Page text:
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Madrid: Free and reduced times to visit the Prado, Reina Sofia and Thyssen-Bornemisza museums

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The Reina Sofia is free to all weekdays (7 pm - 9 pm) and weekend afternoons. Photo: T. Meyers
The Reina Sofia is free to all weekdays (7 pm - 9 pm) and weekend afternoons. Photo: T. Meyers

It’s always interesting to see who among my visitors is a “Museum Geek.” Some friends come and get a museum pass to see all of Madrid’s museums at a discount, while others could care less where Picasso’s Guernica is located, and skip museums opting for city strolling and shopping.

If you are a “Museum Geek,” or at least feel more tempted by the Prado than Prada, you’ll want to keep in mind these money-saving museum tips, as visits to Madrid’s galleries can really add up fast.

Get thee to the Prado early to avoid lines... or late to get in for free.

Prado Museum

Opening times-
From Monday to Saturday 10 am – 8 pm
Sundays and holidays 10 am – 7 pm
Closed: January 1, May 1, and December 25
Reduced opening hours: 10 am – 2 p m: January 6, December 24 and 31.

The Prado is Madrid’s most popular museum, so be prepared to wait in line. Why is it worth the wait? Because it houses paintings such as Las Meninas by Velázquez and  The Third of May: the Executions on Príncipe Pío by Goya.

At €12 a pop (or €22 with a guided tour), it’s worth looking into the Prado’s free days and discounts. Those 65 and older, or who have the Carné Joven, or are part of a “familia numerosa” (large family) get half off, paying just €6 per person. The museum is free for everyone under the age 18, journalists, tour guides, students with a valid ID between the ages 18 -25, the unemployed, the handicapped, and members of the organizations listed here.

Plus, the Prado museum is free for all Monday to Saturday from 6 pm to 8 pm and on Sundays and holidays from 5 pm to 7 pm. On November 19 and Museum Day, the Prado is free all hours.

Reina Sofía

Opening times-
Monday – Saturday from 10 am – 9 pm
Sundays from 10 am to 2:30 pm
Tuesdays Closed
The Museum is also closed on: January 1 & 6, May 1 & 15, November 9, and December 24, 25 and 31.

The Museo Nacional Centro de Arte Reina Sofía shows art produced from the late 19th century to present day. The museum has over 20,000 pieces and is one of the most important museums in Spain. Look for paintings and art by Alexander Calder, Joan Miró, Salvador Dalí, Picasso and Antoni Tàpies among many others.

At just €6 a ticket to see the permanent and temporary collections, this national art museum is not expensive. If you are only interested in the temporary exhibition, then it’s just €3 to get in. The museum also offers plenty of free days, including the International Museum Day, Mondays – Fridays from 7 pm to 9 pm, Saturdays from 2:30 pm to 9 pm, Sundays from 10 am to 2:30 pm, the 18th of April, the 12th of October and the 6th of December.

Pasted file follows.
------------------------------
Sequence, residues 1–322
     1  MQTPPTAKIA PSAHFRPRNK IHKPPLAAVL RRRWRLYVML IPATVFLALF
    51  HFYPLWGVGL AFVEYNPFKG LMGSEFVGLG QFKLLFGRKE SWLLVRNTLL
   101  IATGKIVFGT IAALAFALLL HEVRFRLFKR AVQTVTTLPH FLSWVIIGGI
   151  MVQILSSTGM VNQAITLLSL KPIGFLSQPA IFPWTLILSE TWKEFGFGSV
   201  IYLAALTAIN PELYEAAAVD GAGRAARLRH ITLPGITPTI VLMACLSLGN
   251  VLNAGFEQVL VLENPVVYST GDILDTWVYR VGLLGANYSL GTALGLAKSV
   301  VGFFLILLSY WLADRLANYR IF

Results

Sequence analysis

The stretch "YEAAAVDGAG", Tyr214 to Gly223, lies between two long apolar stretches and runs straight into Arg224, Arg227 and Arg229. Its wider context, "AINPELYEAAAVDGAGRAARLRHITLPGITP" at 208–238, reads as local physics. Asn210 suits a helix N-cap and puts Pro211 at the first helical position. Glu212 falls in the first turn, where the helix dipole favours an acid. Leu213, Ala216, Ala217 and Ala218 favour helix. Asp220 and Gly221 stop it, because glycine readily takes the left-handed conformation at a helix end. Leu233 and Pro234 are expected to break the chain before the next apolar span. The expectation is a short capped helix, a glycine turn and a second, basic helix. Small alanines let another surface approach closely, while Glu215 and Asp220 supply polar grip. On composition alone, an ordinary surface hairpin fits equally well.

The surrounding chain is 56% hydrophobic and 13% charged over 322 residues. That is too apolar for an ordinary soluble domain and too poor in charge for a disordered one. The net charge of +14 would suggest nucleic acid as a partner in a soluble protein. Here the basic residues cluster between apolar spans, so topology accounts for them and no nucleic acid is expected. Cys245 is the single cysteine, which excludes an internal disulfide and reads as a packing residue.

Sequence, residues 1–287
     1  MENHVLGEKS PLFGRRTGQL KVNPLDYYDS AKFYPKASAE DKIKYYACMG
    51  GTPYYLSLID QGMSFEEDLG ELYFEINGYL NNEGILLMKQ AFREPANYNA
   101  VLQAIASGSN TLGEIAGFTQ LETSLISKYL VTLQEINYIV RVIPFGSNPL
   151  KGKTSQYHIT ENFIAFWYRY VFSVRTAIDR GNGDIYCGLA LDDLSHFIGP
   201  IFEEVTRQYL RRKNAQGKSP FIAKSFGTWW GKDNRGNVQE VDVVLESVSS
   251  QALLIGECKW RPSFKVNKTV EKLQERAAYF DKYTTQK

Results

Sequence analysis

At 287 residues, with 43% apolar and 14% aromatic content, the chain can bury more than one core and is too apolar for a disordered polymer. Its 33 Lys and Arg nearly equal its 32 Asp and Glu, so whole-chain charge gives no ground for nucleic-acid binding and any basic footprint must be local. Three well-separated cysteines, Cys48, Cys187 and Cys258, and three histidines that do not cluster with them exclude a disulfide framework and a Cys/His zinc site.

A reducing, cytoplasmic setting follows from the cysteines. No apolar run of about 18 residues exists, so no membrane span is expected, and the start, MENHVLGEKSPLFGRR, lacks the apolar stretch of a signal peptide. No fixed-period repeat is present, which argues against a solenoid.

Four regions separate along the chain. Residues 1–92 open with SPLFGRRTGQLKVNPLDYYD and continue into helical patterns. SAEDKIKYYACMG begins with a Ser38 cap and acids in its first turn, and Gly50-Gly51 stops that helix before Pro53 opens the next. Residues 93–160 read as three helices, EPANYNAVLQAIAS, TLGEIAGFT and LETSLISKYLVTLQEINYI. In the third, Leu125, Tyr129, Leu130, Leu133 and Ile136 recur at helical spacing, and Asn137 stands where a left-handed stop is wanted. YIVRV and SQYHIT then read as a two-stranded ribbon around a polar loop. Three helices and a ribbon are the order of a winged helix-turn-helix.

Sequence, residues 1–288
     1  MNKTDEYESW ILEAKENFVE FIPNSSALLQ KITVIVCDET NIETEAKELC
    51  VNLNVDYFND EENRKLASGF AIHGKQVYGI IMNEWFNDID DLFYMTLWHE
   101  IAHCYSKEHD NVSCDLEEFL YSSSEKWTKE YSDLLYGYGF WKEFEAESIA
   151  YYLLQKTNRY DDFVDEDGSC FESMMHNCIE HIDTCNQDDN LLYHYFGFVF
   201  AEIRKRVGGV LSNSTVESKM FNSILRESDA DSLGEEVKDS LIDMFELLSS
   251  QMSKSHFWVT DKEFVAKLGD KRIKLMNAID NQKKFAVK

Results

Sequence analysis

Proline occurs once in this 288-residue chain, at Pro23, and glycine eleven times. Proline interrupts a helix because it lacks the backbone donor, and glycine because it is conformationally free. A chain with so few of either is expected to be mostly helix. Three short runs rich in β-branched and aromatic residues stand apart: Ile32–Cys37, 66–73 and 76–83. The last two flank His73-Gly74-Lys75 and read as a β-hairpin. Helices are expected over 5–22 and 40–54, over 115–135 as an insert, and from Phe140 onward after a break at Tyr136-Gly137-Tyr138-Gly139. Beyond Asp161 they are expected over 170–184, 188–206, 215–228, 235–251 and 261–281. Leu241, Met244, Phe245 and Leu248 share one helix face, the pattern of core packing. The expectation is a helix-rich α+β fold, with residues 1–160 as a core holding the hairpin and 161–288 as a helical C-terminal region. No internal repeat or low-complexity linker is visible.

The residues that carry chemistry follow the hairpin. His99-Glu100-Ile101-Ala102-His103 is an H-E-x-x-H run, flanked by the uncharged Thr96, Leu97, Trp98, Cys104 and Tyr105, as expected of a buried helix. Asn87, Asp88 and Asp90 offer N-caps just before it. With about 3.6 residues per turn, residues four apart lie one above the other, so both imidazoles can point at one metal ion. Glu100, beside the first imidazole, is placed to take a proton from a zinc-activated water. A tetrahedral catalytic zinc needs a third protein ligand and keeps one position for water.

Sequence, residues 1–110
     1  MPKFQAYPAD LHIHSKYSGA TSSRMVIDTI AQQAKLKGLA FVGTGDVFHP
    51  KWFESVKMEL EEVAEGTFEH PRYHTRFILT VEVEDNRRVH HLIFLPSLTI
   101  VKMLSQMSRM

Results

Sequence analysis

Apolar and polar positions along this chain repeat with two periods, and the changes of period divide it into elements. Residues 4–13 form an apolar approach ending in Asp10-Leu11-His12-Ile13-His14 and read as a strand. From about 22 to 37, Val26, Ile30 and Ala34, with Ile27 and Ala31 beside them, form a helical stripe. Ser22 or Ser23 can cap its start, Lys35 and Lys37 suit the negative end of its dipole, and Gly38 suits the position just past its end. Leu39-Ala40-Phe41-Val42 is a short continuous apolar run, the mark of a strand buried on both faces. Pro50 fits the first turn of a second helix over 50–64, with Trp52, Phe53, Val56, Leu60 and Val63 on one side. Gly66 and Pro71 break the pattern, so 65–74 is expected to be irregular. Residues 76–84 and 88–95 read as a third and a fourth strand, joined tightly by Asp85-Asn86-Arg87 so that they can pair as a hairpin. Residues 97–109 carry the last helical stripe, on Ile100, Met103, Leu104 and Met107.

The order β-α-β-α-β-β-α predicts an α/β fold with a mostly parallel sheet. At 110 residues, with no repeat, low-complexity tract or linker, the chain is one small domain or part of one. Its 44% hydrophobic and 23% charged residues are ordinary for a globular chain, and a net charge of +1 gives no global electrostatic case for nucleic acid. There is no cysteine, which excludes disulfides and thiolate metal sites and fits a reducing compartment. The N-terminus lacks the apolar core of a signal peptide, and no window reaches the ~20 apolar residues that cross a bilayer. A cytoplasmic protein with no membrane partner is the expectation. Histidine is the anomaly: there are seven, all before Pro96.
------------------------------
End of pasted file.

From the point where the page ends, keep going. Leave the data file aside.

In addition, the museum entrance fee is waived for everyone under 18 years of age, students with a valid ID, everyone 65 and older, the handicapped, those who accompany the handicapped, tour guides and journalists.

Thyssen-Bornemisza

Opening times-
Tuesdays to Saturdays- 10 am to 11 pm.
On Sundays and Mondays, 10 am to 7 pm.
Closed Monday August 20th.

The Thyssen-Bornemisza Museum offers visitors an overview of art from the 13th century to the late 20th century. In addition to a permanent collection, there are temporary exhibitions throughout the year. From June to September 2012, Hopper’s works will be on display.

If you’re under 12 years of age or unemployed then you get into Thyssen-Bornemisza for free. Otherwise, you’ll have to pay €9 for general admission and €6 if you’re a student with a student ID, 65 or older, have the Carné Joven, are a Fine Arts professor, handicapped, or part of a “familia numerosa” (large family). A combined ticket for Thyssen-Bornemisza Collections and Hopper exhibition is €15.

The only day that the museum is open to all for free is on the International Museum Day, once a year. Also, all of you out there born in 1992 get into Thyssen-Bornemisza for free during 2012 in honor of the museum’s 20th anniversary. You can buy tickets online here.

The Madrid Card

It may also pay to get a Madrid card for about €38 for 24 hours if you’re into to seeing all the museums. The Madrid Card  will get you into the three biggies listed above, plus many other museums in the city.

At this price though, you’d have to see at least four or five museums in 24 hours to make it a deal, and that’s a lot of art in a short time span, even for your most enthusiastic “Museum Geek.” Another option is Tarjeta Paseo del Arte, which gets you into the Prado, Reina Sofía and Thyssen-Bornemisza for about €22. This is probably your best bet if you can’t hit the free days or times. The Tarjeta Paseo del Arte can be purchased at any of the three museums.

Also in our guide: If you’re in the process of researching a trip to Madrid and are looking for budget-friendly hotel suggestions, be sure to swing by our Madrid guide. Our editors have visited and inspected affordable hotels all over the city’s center.

About the author

Regina W Bryan

About the author: Regina W.Bryan is a Barcelona-based freelance writer and photographer. When not eating tapas and exploring Europe, she is tending her balcony veggie garden and practicing Catalan. For more of her thoughts on Spain, check: www.regwb.com and www.thespainscoop.com.

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